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From Andrus Adamchik <and...@objectstyle.org>
Subject Re: How to remove a single entry from cache
Date Thu, 04 Aug 2011 19:06:30 GMT
Local and shared cache can be implemented as separate caches, or as a single cache with different
regions. But in any event they are guaranteed to store keys in namespaces separate from each
other. Moreover per-context local caches are also separate from any other local cache.

The shared cache is attached to DataDomain:

DataContext dataContext = ..
QueryCache sharedCache = dataContext.getParentDataDomain().getQueryCache();

Andrus


On Aug 4, 2011, at 9:52 PM, Joseph Senecal wrote:

> That most certainly could be the reason. I thought there was only a single cache that
a program could have only local caches or a shared cache but not both, and that getQueryCache
returned the appropriate cache. Now the behavior makes sense.
> 
> Could you point me towards how to get access to the shared cache?
> 
> Joe
> 
> On Aug 4, 2011, at 11:46 AM, Andrus Adamchik wrote:
> 
>> I think I spotted something here... You are removing the entry from LOCAL cache of
the ObjectContext, while the query is run against SHARED cache. Could that be the reason?
>> 
>> Andrus
>> 
>> 
>> 
>> On Aug 4, 2011, at 9:34 PM, Joseph Senecal wrote:
>> 
>>> Yes, the item is committed. Stepping though the code that did the lookup I can
see that it is not going to the database at all (all SQL is being logged).
>>> 
>>> The idea is that once an item exists it is unlikely to change. But items that
don't exist are very likely to be added. So in the routine that fetches the item, it removes
the entry from the cache if nothing was fetched from the database. That way I don't need to
flush the entire cache when only this one query needs to have it's results flushed.
>>> 
>>> I did try flushing the entire cache group, but that didn't help either.
>>> 
>>> I've just managed to get a workaround working, where I keep track of the keys
that didn't fetch result and set the query to refresh in that case. That is working, though
I had to switch from a NamedQuery to a SelectQuery to be able to make that change dynamically.
I left the code to try deleting the entry in place. Here's the code I ended up with:
>>> 	private static Set<String> missingPartMap = new HashSet<String>();
>>> 
>>> 	static public BOMModule moduleWithPartNum(String value, ObjectContext context)
{
>>> 		if (value == null) {
>>> 			return null;
>>> 		}
>>> 
>>> 		Expression expression = ExpressionFactory.matchExp(PART_NUM_PROPERTY, value);
>>> 		SelectQuery query = new SelectQuery(BOMModule.class, expression);
>>> 		query.setCacheGroups("BOMModule");
>>> 		boolean missingPart = missingPartMap.contains(value);
>>> 		query.setCacheStrategy(missingPart ? QueryCacheStrategy.SHARED_CACHE_REFRESH
: QueryCacheStrategy.SHARED_CACHE);
>>> 		BOMModule part = null;
>>> 		try {
>>> 			List<BOMModule> list = fetchBOMModuleList(context, query);
>>> 			if (list.size() > 0) {
>>> 				part = list.get(0);
>>> 				if (missingPart) missingPartMap.remove(value);
>>> 			} else {
>>> 				if (!missingPart) missingPartMap.add(value);
>>> 			}
>>> 		} finally {
>>> 			if (part == null && context instanceof DataContext) {
>>> 				// No match or multiple match. Either way remove this from the cache so that
we'll see when it's fixed
>>> 				DataContext dataContext = (DataContext) context;
>>> 				String key = query.getMetaData(dataContext.getEntityResolver()).getCacheKey();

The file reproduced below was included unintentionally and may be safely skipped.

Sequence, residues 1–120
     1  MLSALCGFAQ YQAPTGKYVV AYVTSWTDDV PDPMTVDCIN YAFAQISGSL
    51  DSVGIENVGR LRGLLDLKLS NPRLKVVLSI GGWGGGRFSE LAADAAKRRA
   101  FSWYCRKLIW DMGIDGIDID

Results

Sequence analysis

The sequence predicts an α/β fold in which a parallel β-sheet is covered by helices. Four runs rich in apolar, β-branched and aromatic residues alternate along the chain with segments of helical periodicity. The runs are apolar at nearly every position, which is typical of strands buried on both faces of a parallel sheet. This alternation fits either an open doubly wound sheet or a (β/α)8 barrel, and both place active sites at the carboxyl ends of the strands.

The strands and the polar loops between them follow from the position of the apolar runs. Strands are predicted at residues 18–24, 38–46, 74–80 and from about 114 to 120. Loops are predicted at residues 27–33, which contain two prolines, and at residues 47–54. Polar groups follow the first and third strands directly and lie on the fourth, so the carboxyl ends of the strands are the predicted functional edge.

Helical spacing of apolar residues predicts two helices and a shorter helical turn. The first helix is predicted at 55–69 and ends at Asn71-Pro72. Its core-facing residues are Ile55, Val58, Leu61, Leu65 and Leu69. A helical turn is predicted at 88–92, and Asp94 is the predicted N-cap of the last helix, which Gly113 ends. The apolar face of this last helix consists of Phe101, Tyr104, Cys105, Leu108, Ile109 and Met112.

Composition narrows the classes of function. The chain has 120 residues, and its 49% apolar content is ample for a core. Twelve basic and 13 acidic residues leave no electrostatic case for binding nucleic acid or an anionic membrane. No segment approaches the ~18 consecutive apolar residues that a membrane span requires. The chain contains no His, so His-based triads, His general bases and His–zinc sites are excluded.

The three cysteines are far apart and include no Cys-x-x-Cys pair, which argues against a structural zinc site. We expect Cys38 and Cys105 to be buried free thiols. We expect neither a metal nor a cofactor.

>>> 				dataContext.getQueryCache().remove(key);
>>> 				assert (dataContext.getQueryCache().get(query.getMetaData(dataContext.getEntityResolver()))
== null);
>>> 			}
>>> 		}
>>> 		return part;
>>> 	}
>>> 
>>> And here the generated fetchBOMModuleList routine from the super class: 
>>>  @SuppressWarnings("unchecked")
>>>  public static List<BOMModule> fetchBOMModuleList(ObjectContext context,
Query query) {
>>>      return (List<BOMModule>) context.performQuery(query);
>>>  }
>>> 
>>> That's just a generated helper method to hide the suppress warnings.
>>> 
>>> Sorry for having all these strange problems where things don't work for me but
work for everyone else :-/  And thanks for your prompt replies!
>>> 
>>> Joe
>>> 
>>> On Aug 4, 2011, at 11:20 AM, Andrus Adamchik wrote:
>>> 
>>>>> But when I make the same query (now that the code has created the item),
I'm getting an empty result again. 
>>>> 
>>>> Is that item committed? Queries are run against the DB and won't see items
that haven't been committed.
>>>> 
>>>> Also in general an app would invalidate cache by cache group. This way you
won't need to know the cache key of a query, and can invalidate multiple queries at once.
>>>> 
>>>> Andrus
>>>> 
>>>> 
>>>> On Aug 4, 2011, at 5:10 AM, Joseph Senecal wrote:
>>>> 
>>>>> Using Cayenne 3.1M2
>>>>> 
>>>>> When a cached query for a single record returns no entry, I'd like to
remove that single result from the cache. Either the code will be creating the record, or
it will be manually added and I want the code to notice when it is. It looks like this should
be possible using this code:
>>>>> 				DataContext dataContext = (DataContext) context;
>>>>> 				String key = query.getMetaData(dataContext.getEntityResolver()).getCacheKey();
>>>>> 				dataContext.getQueryCache().remove(key);
>>>>> 				assert (dataContext.getQueryCache().get(query.getMetaData(dataContext.getEntityResolver()))
== null);
>>>>> 
>>>>> 
>>>>> And when I run the code the assert confirms that the entry has been removed.
>>>>> 
>>>>> But when I make the same query (now that the code has created the item),
I'm getting an empty result again. 
>>>>> 
>>>>> I'd prefer not to have to flush the entire table cache whenever I create
a new entry, is this possible?
>>>>> 
>>>>> Joe
>>>> 
>>> 
>>> 
>> 
> 
> 


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